Neigbourhood Priorities Statements. The LURB recognises that the take-up of neighbourhood plans is uneven across the country and is generally low in urban and more deprived areas because they face additional barriers which makes it more difficult for them to progress a neighbourhood plan, such as a lack of an established governance structure or finding volunteers to help prepare the plan. Therefore the Bill It includes proposals for a ‘neighbourhood priorities statement’ [NPS] tool to give communities a simpler and more accessible way to set out priorities and preferences for their local areas. These will have to be considered by local authorities in Local Plan preparation, but it is not clear what weight they will have in actual planning application decisions.
NPSs will at least be an alternative to full NDPs that are useful to smaller rural Parishes that are organisationally weak and where volunteers are scarce, but their real value may be as clear expressions of shared community priorities that local councils and organisations can plan their investment and management actions around. As such they could galvanise localism amongst the more traditional rural Parishes.
Street Votes. The Bill also includes measures to further advance the localism agenda through a ‘Street Votes’ system primarily intended, according to the Bill’s explanatory notes, to ‘allow for intensification of predominantly housing development on existing residential streets where support for that intensification was signalled through a street vote’. Recent amendments provide for new ‘street vote development orders’ [SVDOs] and independent examination of them. They will grant fast track planning permissions in a prescribed street area for ‘development of any description or class’ that it specifies. National Parks, the Broads, World Heritage Sites and their buffer zones, SSSIs, AONBs, statutory Green Belts, designated Local Green Spaces and European habitats sites are excluded from SVDOs.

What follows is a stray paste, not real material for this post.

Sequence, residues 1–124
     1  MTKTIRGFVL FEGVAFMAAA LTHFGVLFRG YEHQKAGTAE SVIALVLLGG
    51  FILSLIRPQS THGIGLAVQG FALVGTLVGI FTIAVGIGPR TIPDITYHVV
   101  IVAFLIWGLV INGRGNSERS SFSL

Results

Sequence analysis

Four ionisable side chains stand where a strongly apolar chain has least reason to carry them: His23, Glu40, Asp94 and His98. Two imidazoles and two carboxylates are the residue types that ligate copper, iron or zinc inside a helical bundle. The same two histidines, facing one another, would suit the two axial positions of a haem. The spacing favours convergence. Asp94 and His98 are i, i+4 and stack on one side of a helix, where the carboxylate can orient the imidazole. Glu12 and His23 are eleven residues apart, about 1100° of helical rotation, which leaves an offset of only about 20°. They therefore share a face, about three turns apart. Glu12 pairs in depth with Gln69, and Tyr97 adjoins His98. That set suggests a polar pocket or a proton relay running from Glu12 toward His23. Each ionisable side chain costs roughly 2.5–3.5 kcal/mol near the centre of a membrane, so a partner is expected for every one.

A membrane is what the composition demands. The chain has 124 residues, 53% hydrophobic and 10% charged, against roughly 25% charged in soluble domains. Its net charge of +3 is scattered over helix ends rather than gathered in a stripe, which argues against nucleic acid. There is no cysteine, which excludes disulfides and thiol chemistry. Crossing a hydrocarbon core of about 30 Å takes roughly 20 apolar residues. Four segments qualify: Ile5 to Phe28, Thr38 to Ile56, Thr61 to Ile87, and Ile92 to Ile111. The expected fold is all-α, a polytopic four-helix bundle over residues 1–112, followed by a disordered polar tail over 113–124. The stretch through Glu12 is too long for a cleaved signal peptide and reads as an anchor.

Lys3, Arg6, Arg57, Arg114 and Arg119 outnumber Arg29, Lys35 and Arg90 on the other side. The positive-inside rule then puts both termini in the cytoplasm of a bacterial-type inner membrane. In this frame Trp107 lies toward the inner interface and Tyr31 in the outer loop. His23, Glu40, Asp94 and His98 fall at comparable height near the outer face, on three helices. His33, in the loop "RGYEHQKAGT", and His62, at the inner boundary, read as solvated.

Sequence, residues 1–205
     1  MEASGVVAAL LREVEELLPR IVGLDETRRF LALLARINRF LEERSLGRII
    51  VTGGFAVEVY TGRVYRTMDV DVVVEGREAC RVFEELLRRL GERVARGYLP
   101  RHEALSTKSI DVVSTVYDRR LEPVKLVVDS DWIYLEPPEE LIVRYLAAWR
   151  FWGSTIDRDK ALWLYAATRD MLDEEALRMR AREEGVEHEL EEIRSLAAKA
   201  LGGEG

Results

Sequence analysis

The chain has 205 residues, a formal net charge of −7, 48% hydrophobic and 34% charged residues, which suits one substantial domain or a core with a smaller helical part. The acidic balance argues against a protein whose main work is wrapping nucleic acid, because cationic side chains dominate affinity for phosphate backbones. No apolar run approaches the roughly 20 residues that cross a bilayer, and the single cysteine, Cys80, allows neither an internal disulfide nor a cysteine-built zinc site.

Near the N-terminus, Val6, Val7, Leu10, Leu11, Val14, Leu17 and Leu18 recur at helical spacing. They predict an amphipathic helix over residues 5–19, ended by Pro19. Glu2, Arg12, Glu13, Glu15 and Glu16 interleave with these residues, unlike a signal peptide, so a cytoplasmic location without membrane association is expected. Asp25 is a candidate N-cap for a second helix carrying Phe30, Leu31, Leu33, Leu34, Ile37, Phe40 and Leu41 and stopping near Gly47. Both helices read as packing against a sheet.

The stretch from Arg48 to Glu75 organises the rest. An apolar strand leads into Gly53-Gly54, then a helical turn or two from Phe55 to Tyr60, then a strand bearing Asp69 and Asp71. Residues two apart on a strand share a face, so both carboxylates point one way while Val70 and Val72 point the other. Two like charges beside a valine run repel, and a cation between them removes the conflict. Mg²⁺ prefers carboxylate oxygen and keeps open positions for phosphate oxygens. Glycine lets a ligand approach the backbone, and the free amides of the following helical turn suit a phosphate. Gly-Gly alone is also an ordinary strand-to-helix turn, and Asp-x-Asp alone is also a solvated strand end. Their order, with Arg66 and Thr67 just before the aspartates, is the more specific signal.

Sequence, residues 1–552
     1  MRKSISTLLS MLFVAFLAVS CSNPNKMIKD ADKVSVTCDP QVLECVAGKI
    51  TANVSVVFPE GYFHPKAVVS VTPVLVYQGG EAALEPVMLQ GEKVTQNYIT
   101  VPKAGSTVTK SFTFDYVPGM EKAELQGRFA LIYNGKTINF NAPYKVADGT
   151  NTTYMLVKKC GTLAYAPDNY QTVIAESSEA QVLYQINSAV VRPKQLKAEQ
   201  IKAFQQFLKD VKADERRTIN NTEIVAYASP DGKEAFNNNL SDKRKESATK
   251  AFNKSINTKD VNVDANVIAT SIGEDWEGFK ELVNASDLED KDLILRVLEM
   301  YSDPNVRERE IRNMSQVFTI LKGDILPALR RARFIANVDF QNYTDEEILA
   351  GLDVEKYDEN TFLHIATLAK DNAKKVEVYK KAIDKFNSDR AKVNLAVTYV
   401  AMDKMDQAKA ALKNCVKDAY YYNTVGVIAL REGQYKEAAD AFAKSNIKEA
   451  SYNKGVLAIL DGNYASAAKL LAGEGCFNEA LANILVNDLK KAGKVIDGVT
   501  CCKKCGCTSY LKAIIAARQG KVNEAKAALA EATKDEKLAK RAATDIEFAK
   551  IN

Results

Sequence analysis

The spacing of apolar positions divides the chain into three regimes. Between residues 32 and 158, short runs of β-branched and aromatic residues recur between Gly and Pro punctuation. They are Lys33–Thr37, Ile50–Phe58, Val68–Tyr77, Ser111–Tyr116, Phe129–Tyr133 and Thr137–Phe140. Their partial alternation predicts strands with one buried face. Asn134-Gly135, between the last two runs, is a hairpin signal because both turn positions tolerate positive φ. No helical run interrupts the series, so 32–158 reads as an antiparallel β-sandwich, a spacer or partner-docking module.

An SVDO may make provisions for all land in the street area specified in the order, any part of that land, or a site in that area, excluding scheduled Ancient Monuments, Listed Buildings, nationally significant infrastructure projects, minerals sites, and large infrastructure schemes.
The Bill says that regulations will specify that ‘certain requirements’ are met before permission can be granted. These likely may include design matters and [hopefully] conformity with the development plan and the NMDPs. An NDP could perhaps therefore contribute to this process as part of the development plan that street votes would have to be in accordance with. An SVDO could also be seen as an alternative to an NDP, and may be the right choice in particular circumstances [such as a small rural community].
However, overall I don’t think SVDOs will turn out to be an easy or popular process, and may be a direct threat to Local Plans, NDPs and regeneration schemes, because:
- The system will involve difficulties in definition: for example, what makes a ‘street’?
- Strong checks and balances will be needed to avoid abuse: if an SVDO has primacy over Local Plans and/or NDPs will they become a back door way to prevent development or avoid development management policies that are justified from a wider perspective?
- In some areas they could be very divisive: a near 50-50 vote can hardly be seen as community cohesion.
- If particular local residents are clearly seen as the proponents of an Order, opposition to it could become very personal.
- It’s not hard to imagine the community of one street being strongly opposed to an Order proposed for an adjoining street, and as it has no formal say on the matter, resorting to alternative means of blocking the proposal.
- A multiplicity of differing SVDOs in close proximity could lead to a chaotic urban environment and thwart improvement strategies that are coherent at a larger scale, potentially driving away regeneration funding.
Perhaps in areas where there is less diversity or a shared common cause such as a community housing project SVDOs may have a role, but otherwise I think the take-up may be limited.
Conclusions. It seems to me that NDPs will still be a useful tool for communities in future, with an enhanced role as part of a suite of planning based localism measures, but there are obvious concerns that NMDPs could have the effect of driving Local Plans into the policy spaces occupied by NDPs so causing new tensions. They could also reduce local flexibility and innovation.